The call to the beach was announced, some 450m away from transition, the great news was a wetsuit swim was declared – brilliant!  Third wave off, the start was brilliant, running from a numbered platform on the beach and into the flat calm sea.  Did not spot the `puffer’ fish and friends from the practice swims…but something much bigger…in only 12ft of water and right under me….minor flap and then noticed it was a diver with camera!  A straightforward anticlockwise rectangle proved annoyingly wayward on the way out, a few metres lost as the deeper water meant sighting with the seabed disappeared.   Sighting on a hotel on the way back was much more successful.  For the middle half of the race, followed a pair of feet and with 500m or so to go moved passed him and wanted to hit the beach knackered.  Practice had shown that an extra stroke after touching the bottom worked propelling into ankle deep water.  Up and out and the massive run to transition.  23min something,  great, better than I feared after the slight zigzag on the way out, a swim PB.  Had practiced taking wetsuit off in first 50m of run and then carrying for the rest but at the last minute, a briefing advised against this due to strict interpretation of the `impedance to other competitors’ rule.  Running proved fine in the wetsuit down to the waist and concentrated hard approaching the bike.  All went well, the bike was still vertical and drink looked intact.

Swiftly out onto bike, second elastic band broke too early but no significant time lost. An `out and back’ route along the desert highway towards the Dead Sea with a significant headwind on the way out and a monster tailwind for the return.  Difficult to judge pace as normally look to unscientifically cycle knackered all the way but ensuring circa 25-27mph.  Barely got above 20mph on the way out and reached the turn in 35min something.  Overtook a few of my wave but not many, had I gone hard enough?  Tried to spot Matt Malloy in the colours of Ireland on the approach to the turn as his strong swim would put him significantly in front.  No joy, but understand he had spotted the carefully disguised `Bubblegum’, now white and rebranded by the children as `Chewing gum’…  Around the turn and into the top gear and spent the next 15mins without changing, averaging 35 to 36mph.

Never spent that long in the big chain-ring and smallest sprocket.  Think this was relatively suiting a few other competitors a bit more than me so concentrated on being as aero as possible and pushing hard on the occasional inclines.  Perhaps the best fun bit of any bike leg ever and looking down at the time approaching T2, 58mins….great knew this was a good time after all, even with it 500m short of 40km.  Later it turned out to be the second fastest of the day by only 10 seconds.  Approaching T2 and just took another GB in my age group, rats, did not expect that, did not recognise him either!  No sign of Malloy but knew I would be aware of him soon as the run was 4 laps with one part a 400m dogleg halfway around the lap.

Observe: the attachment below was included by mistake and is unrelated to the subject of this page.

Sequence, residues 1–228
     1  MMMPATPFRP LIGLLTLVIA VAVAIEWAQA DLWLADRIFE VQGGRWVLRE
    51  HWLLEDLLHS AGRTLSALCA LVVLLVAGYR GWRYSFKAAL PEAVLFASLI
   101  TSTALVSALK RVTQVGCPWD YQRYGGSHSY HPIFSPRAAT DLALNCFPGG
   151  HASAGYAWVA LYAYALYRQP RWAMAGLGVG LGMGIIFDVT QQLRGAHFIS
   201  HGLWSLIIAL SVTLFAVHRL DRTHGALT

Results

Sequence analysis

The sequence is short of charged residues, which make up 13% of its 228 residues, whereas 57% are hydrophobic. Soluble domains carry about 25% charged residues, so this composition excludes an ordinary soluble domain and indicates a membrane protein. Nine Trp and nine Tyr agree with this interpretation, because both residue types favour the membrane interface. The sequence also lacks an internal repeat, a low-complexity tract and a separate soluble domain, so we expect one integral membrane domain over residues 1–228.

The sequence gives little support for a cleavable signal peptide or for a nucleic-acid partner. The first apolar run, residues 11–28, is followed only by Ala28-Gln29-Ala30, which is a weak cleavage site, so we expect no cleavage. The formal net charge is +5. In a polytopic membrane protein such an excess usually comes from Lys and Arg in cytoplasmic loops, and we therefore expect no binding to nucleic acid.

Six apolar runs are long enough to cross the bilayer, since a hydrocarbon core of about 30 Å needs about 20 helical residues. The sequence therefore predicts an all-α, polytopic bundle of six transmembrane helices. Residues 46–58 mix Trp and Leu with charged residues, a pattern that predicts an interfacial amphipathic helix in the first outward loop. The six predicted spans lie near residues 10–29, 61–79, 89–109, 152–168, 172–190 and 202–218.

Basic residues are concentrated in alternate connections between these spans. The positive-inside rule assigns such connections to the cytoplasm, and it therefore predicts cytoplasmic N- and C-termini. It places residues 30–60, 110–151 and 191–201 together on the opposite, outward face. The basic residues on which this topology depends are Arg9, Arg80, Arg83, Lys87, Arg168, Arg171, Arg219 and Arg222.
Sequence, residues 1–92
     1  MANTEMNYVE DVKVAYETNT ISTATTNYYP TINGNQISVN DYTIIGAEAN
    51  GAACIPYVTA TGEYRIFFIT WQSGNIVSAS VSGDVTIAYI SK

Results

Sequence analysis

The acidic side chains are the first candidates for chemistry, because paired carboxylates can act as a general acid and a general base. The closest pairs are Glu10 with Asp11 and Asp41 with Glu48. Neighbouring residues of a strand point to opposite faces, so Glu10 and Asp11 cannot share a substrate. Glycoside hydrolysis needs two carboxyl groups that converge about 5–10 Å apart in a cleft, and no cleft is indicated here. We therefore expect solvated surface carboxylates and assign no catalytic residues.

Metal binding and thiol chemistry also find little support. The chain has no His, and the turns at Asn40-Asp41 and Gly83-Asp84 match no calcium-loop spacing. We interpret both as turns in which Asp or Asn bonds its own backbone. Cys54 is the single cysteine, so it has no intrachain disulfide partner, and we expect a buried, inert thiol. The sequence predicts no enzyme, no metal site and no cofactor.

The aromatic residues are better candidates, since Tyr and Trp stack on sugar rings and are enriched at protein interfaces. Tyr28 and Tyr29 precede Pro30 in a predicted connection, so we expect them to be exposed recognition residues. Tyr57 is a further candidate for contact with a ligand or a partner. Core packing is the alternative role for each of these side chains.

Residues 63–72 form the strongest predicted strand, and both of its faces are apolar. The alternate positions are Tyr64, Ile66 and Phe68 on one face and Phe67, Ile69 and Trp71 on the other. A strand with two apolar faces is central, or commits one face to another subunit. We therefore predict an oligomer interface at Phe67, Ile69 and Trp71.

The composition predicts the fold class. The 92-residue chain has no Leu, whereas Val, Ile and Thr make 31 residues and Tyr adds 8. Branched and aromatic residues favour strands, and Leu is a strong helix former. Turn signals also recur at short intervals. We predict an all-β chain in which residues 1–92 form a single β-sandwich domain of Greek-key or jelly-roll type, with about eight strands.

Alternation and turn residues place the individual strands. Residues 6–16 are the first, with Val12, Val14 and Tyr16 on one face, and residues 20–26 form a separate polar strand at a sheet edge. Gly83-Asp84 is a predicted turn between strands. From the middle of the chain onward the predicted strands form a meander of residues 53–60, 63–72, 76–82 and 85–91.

Long circuit pushing bike into T2, legs initially a little wobbly but by the time of racking was fine.  Spent an extra second or two jamming one brake lever over racking to ensure bike stayed up.  Shoes on and out onto run, had perhaps 5 metres over the other GB guy.  Quickly into running and the other GBer quickly receded.  Where was Malloy?  Later found out he was 3mins ahead after the swim, this was cut to 2 mins after the bike and at the first lap dogleg, spotted him circa 400m ahead.  Could he be caught?  Family were brilliant and were able to see me 8 times on the run and was amazing with the three children running beside me for some of the unbarriered sections.  Second lap, had not made the inroads hoped for, 350m ahead.  Went for it on the 3rd lap, pretended it would be a 3 lap race and wanted to be completely spent by the end.  3rd lap 250m ahead, onto the last lap and on the straights I could see him.  Gave it everything, took no water on the last lap just run run….Crossing the line in 34min 43sec for my 3rd PB of the day, if it were not for the longest transitions ever, then would have been an overall PB too.

Was very happy with the result, 35secs behind the winner (ironically the exact same margin I came second by last year, though last year’s winner only made 7th this year), and someone who beat me by 7mins at Windsor last year.  So a massive improvement and am confident of revenge later in the year!  Perhaps due to the location, the heat, the time of the year, this was not as well attended by all nations apart from my age group!  My time was 3rd fastest overall and as a result would have won all the other age groups bar one!  The final twist in this tale was at the prize giving.  Excitingly a proper podium was built on the finish line with a smart backdrop lit by spotlights with the sun going down.  My age group was called out and my name was omitted.  I watched as medals were presented and realised the administration had not caught up with the fact that my chip had fallen off on the run and they had given out the medals according to chip timing!  I later received an apology and my medal and an offer of my own podium presentation (not taken!), guess they did not take the bronze medal back from the Israeli?!